Serres conjures up a grotesque primal scene, a mingling of different philosophical banquets which include Plato’s Symposium, the Last Supper and the banquet of Don Giovanni. In it, the petrified, linguistic body, reduced to the condition of a statue or robot or automaton, is no longer able to smell or taste. The statue, or mobile talking head, its limbs creaking, its tongue and nostrils parched with dialectic, dines off the menu: the women who do the cooking off-scene, also do the eating. But opposed to the statue is the body of Christ. The incarnational metaphor has two sides for Serres. Considered in its perfected form, the body of the Assumption, the raised or resurrected body, stands for the Word-Made-Flesh and the Flesh-Made-Word of the annunciation – in other words, the statue. `When it is saturated by the word, the body loses its antique graces: [grace] flees the body when the word becomes flesh’.

Set against the body of the Assumption, the body raised up into language, is the body consumed at the Last Supper. This body, which circulates in the form of bread and wine, is not a fixed, but a mobile transubstantiation. It signifies the grace or gratuitousness or givenness of what Serres calls `le donné’. The world abounds: `le monde abonde’. How, Serres enquires, can the eye requite the sun for its light, how can the palate repay the vine? Set against the classical table of correspondences or equivalences, language as restricted economy, there is the table at which eating and drinking takes place, which exceeds this economy, Serres claims. Smell and taste are apt carriers of this transformative mobility, this metabolic circulation of elements which transform as they circulate. Smell and taste, themselves an irreducible composite, form the body as what Serres beautifully calls a `bouquet of vicariances’.


It seems clear enough from the first three sections how the book is going to be structured. They deal, in turn, and in series, with skin and touch; with hearing; and with taste and smell conjoined. Between the third and fourth sections of the book, something happens, a kind of lurch, or swerve, an inclination, or clinamen, in Lucretius’s term. In one sense, things seem to be going too fast: there are two chapters left, and only one sense remains to be dealt with, that of sight. But there is also a slowing down: for in fact we wait in vain for an exposition of sight in either of the two last chapters, or not in any daylit, head-on kind of way. Neither chapter completes the formation of the homunculus undertaken through the other chapters.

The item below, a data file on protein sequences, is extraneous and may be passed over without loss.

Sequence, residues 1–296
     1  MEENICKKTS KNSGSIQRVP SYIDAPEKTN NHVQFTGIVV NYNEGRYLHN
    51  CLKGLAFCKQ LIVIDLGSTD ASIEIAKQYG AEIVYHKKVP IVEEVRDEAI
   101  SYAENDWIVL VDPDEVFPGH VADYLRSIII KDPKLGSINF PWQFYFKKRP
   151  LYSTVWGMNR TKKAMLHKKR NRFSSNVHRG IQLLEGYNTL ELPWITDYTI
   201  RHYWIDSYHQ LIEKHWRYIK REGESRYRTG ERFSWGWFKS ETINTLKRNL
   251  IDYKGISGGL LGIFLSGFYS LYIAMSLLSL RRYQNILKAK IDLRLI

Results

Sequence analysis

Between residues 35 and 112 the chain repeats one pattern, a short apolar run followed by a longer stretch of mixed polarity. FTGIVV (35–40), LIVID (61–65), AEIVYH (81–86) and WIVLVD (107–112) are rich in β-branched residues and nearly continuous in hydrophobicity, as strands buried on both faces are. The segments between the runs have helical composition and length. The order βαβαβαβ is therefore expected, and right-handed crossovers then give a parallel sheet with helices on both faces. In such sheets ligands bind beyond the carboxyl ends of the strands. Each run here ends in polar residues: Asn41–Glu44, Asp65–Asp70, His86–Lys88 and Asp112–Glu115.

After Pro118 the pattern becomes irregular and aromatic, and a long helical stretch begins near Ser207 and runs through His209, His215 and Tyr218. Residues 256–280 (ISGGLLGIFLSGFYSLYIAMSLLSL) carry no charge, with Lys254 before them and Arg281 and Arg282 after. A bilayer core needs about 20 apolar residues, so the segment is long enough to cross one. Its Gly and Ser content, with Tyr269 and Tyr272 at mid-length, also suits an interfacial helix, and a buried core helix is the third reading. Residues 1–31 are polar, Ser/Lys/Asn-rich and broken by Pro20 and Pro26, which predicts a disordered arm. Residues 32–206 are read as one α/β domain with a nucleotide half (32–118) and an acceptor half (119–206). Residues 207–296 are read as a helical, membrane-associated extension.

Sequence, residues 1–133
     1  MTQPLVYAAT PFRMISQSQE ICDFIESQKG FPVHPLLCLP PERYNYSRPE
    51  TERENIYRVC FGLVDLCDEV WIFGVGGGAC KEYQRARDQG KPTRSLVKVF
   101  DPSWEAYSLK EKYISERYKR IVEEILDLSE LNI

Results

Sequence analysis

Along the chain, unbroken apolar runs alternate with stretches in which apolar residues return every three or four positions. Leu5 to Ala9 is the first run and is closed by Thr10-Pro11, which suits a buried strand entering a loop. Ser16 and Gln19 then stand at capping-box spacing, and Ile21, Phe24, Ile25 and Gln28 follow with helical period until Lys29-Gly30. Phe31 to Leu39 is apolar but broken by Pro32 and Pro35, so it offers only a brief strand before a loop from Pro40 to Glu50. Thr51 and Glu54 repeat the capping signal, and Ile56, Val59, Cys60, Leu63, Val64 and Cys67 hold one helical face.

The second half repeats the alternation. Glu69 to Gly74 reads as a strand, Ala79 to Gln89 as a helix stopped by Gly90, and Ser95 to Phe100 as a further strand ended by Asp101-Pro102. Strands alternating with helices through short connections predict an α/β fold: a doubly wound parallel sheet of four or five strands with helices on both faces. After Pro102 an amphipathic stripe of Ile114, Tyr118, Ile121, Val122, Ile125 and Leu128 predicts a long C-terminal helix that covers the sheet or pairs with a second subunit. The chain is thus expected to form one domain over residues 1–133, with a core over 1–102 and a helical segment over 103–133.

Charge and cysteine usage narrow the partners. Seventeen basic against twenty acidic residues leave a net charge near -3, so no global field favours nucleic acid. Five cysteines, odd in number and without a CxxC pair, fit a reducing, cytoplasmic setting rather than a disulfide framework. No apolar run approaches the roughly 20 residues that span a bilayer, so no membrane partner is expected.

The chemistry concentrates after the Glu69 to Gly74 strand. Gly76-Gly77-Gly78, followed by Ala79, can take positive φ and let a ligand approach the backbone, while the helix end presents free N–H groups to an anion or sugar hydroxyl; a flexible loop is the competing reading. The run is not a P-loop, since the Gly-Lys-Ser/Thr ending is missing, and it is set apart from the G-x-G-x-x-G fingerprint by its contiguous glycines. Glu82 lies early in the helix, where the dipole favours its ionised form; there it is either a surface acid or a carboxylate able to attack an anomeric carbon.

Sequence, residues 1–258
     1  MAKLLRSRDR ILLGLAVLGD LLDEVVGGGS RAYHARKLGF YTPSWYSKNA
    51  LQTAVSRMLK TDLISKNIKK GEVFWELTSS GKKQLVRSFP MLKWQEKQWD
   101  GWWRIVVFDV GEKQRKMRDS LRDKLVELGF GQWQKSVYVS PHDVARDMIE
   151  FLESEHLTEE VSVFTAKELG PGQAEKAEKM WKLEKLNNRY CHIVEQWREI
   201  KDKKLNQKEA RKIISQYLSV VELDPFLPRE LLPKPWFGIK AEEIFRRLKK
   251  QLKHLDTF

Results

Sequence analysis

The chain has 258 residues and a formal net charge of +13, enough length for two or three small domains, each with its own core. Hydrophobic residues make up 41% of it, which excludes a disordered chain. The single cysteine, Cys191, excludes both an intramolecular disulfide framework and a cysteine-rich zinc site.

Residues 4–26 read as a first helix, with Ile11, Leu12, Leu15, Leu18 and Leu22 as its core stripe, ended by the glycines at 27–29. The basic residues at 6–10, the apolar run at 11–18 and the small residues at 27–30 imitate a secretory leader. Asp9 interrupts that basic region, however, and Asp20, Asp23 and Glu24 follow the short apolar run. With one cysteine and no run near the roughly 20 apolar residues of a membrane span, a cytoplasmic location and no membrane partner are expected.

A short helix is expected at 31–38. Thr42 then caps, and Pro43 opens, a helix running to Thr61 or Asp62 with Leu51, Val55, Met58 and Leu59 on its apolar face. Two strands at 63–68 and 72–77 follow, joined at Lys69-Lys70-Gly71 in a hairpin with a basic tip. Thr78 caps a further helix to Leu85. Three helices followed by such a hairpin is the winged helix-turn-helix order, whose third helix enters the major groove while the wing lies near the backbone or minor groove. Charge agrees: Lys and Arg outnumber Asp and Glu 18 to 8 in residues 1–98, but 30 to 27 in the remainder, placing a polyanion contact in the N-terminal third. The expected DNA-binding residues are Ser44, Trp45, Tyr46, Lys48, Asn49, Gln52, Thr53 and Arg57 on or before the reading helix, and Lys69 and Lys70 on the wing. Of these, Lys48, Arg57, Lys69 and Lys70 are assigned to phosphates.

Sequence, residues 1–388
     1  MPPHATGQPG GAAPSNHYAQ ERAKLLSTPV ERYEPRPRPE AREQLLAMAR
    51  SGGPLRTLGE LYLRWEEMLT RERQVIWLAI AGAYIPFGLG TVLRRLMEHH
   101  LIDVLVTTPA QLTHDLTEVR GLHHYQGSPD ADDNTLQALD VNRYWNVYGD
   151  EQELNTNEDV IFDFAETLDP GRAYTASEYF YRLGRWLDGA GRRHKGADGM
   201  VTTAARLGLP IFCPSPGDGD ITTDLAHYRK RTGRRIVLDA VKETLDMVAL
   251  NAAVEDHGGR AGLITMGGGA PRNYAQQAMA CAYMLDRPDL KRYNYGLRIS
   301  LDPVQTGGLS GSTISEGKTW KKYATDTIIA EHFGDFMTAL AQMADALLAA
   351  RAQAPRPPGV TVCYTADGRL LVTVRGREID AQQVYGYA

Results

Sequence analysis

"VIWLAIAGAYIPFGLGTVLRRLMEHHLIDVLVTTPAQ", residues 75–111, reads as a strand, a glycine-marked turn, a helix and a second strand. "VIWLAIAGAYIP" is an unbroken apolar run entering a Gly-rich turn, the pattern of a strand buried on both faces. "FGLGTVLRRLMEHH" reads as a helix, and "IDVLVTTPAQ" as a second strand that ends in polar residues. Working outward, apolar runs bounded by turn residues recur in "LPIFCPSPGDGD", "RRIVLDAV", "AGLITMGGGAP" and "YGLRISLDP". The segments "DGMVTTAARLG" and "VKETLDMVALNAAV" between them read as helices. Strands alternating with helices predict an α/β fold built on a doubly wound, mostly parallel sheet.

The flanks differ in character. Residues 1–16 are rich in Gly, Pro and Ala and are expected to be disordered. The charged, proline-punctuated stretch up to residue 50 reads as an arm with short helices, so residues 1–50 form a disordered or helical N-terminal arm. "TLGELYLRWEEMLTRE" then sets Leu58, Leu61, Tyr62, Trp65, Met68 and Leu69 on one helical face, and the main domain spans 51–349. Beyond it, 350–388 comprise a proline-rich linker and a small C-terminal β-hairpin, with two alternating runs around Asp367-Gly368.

In fact, vision has appeared throughout Les Cinq sens as a negative reference point for the other senses. Where the other senses give us the mingled body, vision appears on the side of detachment, separation. Vision is a kind of dead zone, as the petrifying sense, the non-sense, which it is the role of the other senses to make good or redeem. Thus, we hear of the work of vision undertaken by Pierre Bonnard in paintings such as the Nude in the Mirror and The Garden in the chapter on Voiles:

The eye loses its preeminence in the very domain of its dominance, painting. At its extremity, impressionism returns to its really originary sense, that of contact. The nude, ocellated like a peacock, recalls us to the weight and pressure of things, to the heaviness of the column of air above us and its variations. (35)

However, vision itself is at length redeemed in the chapter entitled Visite. This chapter is concerned, to all appearances, not with looking, but with voyaging. In other words, Serres seems in this chapter to be deflecting the French `sens’ – sense – into another direction, in fact, into direction, itself.

The sensible for Serres, means the changeable, that which is capable at any moment of a change of direction:

Sensible has a sense comparable to that of adjectives with the same termination. It reveals the always-possible change of direction. The magnetised needle thus enacts sensibility. At the minute and ubiquitous solicitations of quality, dimension and intensity, sensibility trembles, fluctuates and scans with dancing excursions the spaces through which it is showered and summoned by things, by the world, and by others…Open like a star, or quasi-closed, like a knot to all directions, mobile in every dimension and scanning everywhere, sensibility gives itself, indefatigably, to this dancing excursion, a functional intersection until the very hour of its death. (404-5)

It is this which allows vision to make its appearance, or to speak its appearance, but obliquely, in the word ‘visit’. `The term “visit” and the verb “to visit” mean at first looking and seeing; they add to it the idea of itinerary – the one who visits, goes to see‘ (334) Visiting, is, so to speak, vectorial vision, itinerant or excursive vision, vision on the move.

In general, the bearer of the look, in traditional philosophy, does not move: it sits down to look, through a window at the blossoming tree: a statue posed on affirmations and theses. But we see things rarely in a condition of arrest, our ecological niche incorporates innumerable movements…The earth turns, our global position of vigil lost its stability long ago, even the sun, the giver of light, is in motion, en route to some other part of the universe. (405)